Saturday, March 04, 2006

SKINNY EIGHTH AVENUE by STEPHEN PAUL MILLER

WILLIAM ALLEGREZZA reviews

Skinny Eighth Avenue by Stephen Paul Miller
(Marsh Hawk Press, 2005)

Stephen Paul Miller’s Skinny Eighth Avenue is a mix of the intellectual and the mundane. In his poetry, Miller reacts to his time and raises many questions for the reader—questions we often do not want to confront about religion, politics, and art. In this collection, he rants against George Bush, discusses the problems of tenure in academia, explores the idea of the Jewish imagination, and laments the U.S. lead war in Iraq. He does all of this within open forms that explore the page.

The playful movement of the poems over the page mirrors following the discussion within the text itself. Reading his work is like trying to walk beside him and follow his conversation as he moves, for in these pieces he shifts from topic to topic. At times, he shows us clear logical patterns, but at others he shows us connections that might usually be at play below our visual or perceptual range. The tone of these pieces is casual, such as in Frank O’Hara’s work, and that helps with his range of topics. Take, for example, these lines from “I’m Trying to Get My Phony Baloney Ideas about Metamodernism into a Poem”:

I phone my LA friend Ken Deifik who says he forgot
how articulate
the people they interview
in Woodstock are until seeing the new director’s cut.
Whatever the sixties is it melds
                              natural and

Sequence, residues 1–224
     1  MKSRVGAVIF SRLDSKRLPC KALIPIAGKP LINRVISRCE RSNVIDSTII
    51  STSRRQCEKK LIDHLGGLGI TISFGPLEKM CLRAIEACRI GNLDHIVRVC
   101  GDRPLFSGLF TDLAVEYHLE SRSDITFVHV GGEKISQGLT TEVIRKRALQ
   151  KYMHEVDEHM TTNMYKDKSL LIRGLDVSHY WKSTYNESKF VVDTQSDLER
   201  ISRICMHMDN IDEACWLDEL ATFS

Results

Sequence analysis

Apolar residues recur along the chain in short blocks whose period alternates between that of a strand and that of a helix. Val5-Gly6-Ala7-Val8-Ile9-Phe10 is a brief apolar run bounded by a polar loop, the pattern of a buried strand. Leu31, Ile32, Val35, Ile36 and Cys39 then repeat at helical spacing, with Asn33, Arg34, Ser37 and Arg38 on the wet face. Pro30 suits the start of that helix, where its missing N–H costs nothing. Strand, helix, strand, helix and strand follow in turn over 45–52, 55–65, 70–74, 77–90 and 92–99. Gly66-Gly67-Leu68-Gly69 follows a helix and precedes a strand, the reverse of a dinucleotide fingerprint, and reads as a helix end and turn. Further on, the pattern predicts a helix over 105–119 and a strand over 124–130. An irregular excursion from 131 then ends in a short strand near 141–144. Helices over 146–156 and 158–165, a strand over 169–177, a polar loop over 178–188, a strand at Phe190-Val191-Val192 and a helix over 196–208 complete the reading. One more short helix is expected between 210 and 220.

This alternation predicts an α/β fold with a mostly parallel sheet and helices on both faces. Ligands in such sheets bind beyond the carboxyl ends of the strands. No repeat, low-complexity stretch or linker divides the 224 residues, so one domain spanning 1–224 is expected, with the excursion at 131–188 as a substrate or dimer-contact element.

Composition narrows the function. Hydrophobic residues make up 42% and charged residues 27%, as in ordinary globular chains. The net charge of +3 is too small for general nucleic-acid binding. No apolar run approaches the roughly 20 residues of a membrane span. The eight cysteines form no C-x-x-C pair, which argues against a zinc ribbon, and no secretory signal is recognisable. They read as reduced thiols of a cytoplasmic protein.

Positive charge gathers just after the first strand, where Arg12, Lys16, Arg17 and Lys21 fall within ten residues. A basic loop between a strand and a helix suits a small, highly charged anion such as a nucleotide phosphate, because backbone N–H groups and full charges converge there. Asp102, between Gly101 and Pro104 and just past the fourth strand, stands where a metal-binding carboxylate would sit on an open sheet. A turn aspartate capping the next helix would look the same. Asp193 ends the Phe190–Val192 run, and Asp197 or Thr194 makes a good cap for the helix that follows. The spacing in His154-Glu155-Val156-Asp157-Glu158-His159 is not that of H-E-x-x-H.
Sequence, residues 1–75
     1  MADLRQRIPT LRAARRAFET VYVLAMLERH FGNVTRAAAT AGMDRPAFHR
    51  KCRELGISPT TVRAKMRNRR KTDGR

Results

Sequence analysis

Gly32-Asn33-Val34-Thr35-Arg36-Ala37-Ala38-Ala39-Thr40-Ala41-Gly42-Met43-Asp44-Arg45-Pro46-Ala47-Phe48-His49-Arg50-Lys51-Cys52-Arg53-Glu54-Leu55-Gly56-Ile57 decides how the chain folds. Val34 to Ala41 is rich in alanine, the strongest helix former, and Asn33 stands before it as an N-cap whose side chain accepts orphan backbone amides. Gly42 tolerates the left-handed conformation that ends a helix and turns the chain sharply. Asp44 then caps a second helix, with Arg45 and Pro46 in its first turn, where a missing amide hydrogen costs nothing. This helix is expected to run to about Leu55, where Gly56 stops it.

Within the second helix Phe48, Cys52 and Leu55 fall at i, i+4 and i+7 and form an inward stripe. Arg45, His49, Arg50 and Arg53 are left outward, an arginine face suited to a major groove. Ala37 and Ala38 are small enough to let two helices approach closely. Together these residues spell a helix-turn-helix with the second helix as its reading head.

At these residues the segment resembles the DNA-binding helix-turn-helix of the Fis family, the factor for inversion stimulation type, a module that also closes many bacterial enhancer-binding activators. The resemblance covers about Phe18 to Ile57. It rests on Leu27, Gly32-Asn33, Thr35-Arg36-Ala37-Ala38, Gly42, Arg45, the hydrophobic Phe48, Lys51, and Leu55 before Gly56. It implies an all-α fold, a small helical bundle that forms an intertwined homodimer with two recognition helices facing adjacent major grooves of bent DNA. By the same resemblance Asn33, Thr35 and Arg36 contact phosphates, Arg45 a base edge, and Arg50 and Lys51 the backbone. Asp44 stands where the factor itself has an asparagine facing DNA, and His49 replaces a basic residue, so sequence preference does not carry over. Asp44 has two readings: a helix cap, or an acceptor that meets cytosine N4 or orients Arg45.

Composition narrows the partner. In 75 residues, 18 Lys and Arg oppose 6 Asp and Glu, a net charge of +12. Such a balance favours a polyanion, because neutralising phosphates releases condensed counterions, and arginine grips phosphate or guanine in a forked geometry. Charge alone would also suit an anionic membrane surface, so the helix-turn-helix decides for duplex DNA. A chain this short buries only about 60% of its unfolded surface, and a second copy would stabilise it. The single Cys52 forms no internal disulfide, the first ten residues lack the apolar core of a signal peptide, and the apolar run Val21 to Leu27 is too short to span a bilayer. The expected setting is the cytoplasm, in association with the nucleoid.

human concerns
                              unlike notions of
                               “human” and
                                           “natural” science
resembling Nazi laboratories and Utopias. (12)


In these pieces, he mixes personal life with major political/historical events, and often those events, as they do in this poem, push him to make connections with other major events.

Miller’s poetry in this collection is definitely poetry for current life, especially current activism. If there is any drawback to the book, it’s that several of the pieces, like “Pleasure” read like essays. On the one hand, these pieces can be seen as breaking the boundaries between essays and poetry; on the other hand, they can seen as pieces that would be better thrown into prose. That’s not to say they are not worth the read. Most of what Miller says in this collection is interesting, so if you have not already purchased your copy, you should.


*****

William Allegrezza teaches and writes from his base in Chicago. His poems, articles, and reviews have been published in several countries, including the U.S., Holland, Finland, the Czech Republic, and Australia, and are available in many online journals. Also, he is the editor of moria, a journal dedicated to experimental poetry and poetics, and the editor-in-chief of Cracked Slab Books. His books include The Vicious Bunny Translations, covering over, Temporal Nomads, Lingo, and Ladders in July.

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